In his most recent threat in March, Rome threatened two unnamed South Carolina federal judges with death by stabbing: “Vacate the benches and we may let you live,” he wrote. Rome’s February letter to the Portland courthouse claimed he was sending “weapons grade anthrax” as a protest for failing “to arrest and prosecute Black Lives Matter activists despite the riots, looting, assaults and many other crimes by BLM in your city against White Citizens. .... WHITE POWER!”

Federal judges faced more than 4,500 threats last year, according to U.S. Marshals Service, which noted that it is concerned about the rise of domestic extremism in America.

A guide prepared for law enforcement in anticipation of social turmoil over abortion notes that while anti-abortion extremists have engaged in an extended litany of violence, that has not been the case among abortion-rights defenders: “Pro-choice extremists have primarily used threats, harassment, and vandalism, but has not resulted in lethal violence.”

SITE Intelligence Group, which shares threat information with a host of law enforcement agencies, released a May 4 report detailing calls for violence targeted at people protesting the expected ruling.

“Users on far-right, pro-Trump forum ‘The Donald’ encouraged members to violently oppose pro-abortion protesters demonstrating against the leaked Supreme Court draft signaling an overturn of Roe v. Wade,” reads the bulletin. “Reacting to the headline ‘Violence Breaks out at Pro-Abortion Protest After Democrat Politicians Call to ‘Fight,’' users made threats and called for police to harm protesters.”

A May 5 bulletin detailed the response by white supremacists: “A neo-Nazi channel responding to the leaked Supreme Court draft signaling an overturn of Roe v. Wade posted a previously circulated pro-life graphic calling to ‘bomb’ reproductive healthcare clinics and to ‘kill’ pro-choice individuals,” the bulletin said.

SITE Intelligence Group chief Rita Katz told Politico that misogyny is common in these quarters: “For far-right extremists, the focus on Roe v. Wade isn’t simply about religion or conventional debates about ‘when life starts,’” she said. “It’s about the toxic resentment of feminism that unites the entire spectrum of these movements, from Neo-Nazis to QAnon.”

Shortly after the January 6 insurrection, the violent factions involved in it like the Proud Boys and Oath Keepers began forming alliances with Christian nationalists focused on abortion and attacking Planned Parenthood clinics. Over the past year, it’s also become clear that white nationalists such as Nick Fuentes’ “Groyper army” and other violence-prone bigots have adopted extreme forms of Christian nationalism.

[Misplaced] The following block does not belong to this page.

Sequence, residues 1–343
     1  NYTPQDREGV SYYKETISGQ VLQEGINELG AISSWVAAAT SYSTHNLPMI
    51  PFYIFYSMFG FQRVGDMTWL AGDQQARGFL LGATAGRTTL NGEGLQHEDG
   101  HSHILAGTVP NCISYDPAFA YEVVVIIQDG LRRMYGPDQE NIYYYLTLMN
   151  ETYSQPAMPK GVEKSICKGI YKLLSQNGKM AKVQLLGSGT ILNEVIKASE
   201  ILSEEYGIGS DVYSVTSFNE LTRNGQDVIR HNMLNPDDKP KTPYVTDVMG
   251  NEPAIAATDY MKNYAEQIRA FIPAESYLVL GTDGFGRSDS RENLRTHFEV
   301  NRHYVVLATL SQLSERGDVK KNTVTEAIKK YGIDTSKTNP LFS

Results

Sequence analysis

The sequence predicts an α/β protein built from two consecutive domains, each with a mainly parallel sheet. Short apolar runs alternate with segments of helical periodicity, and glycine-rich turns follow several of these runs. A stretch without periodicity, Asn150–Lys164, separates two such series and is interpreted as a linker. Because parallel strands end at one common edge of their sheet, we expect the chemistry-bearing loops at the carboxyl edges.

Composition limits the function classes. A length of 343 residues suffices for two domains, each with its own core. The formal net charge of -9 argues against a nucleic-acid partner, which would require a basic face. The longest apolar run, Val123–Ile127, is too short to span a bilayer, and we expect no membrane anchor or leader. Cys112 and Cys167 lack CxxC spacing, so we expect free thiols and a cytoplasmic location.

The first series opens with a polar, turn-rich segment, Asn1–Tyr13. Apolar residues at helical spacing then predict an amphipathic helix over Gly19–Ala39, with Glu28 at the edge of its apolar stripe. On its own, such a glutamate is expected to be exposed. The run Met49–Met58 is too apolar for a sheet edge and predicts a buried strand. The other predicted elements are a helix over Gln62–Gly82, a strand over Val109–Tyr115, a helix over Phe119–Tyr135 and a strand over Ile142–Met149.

They clearly see the protests over the imminent Supreme Court ruling as prime opportunities for more violence targeting their most hated enemies: women.

A federal counterterrorism official involved in tracking potential threats related to the Supreme Court decision told Yahoo News that authorities fear the ruling will revive the attacks on both judges and providers.

“They had targets on their backs before, now it’s that much more,” said the official.


Reprinted with permission from Daily Kos.

Polling On Abortion Ban Enforcement Should Terrify Republicans

The reason public support for same-sex marriage (and LGBTQ rights, more broadly) shifted from roughly 40 percent support in the mid-aughts to a record 70 percent last year is two-fold: 1) a generation of Americans came out in kitchen-table conversations across the country; and 2) a decade's worth of earned media educated voters about heartbreaking injustices between the enactment of same-sex marriage bans and their eventual demise at the Supreme Court in 2015.

Americans decided it just wasn't right that a human being wasn't allowed to hold the hand of their lifelong partner as they passed away in a hospital, or that a spouse was denied Social Security survivor benefits because the federal government didn't recognize their marriage.

Here's how that compares to where we stand now with abortion and why the impending fall of Roe v. Wade could have more of a lightning-bolt effect electorally: Public opinion is already squarely with the pro-choice Democratic side (no convincing necessary, as with same-sex marriage); but because Roe has been the law of the land for 50 years, most voters haven't had a chance to even imagine the consequences of its reversal.

So just as media stories served to shift public opinion on marriage equality, they will intensify the passions of pro-choice voters in the lead-up to the midterms. Most of those stories will be tragic and infuriating, with lives lost or changed irrevocably based on forced births, denial of contraception, and more.

But the stories no one is prepared for are the enforcement stories, which will be the stuff of nightmares. As Jennifer Rubin at The Washington Post writes, "The effort to investigate and enforce a law criminalizing a woman’s reproductive decisions necessarily becomes an exercise in authoritarian excess."

What we know with certainty is that red states across the country are pushing to enact some of the most punitive and draconian laws possible as soon as the Supreme Court's Roe decision drops.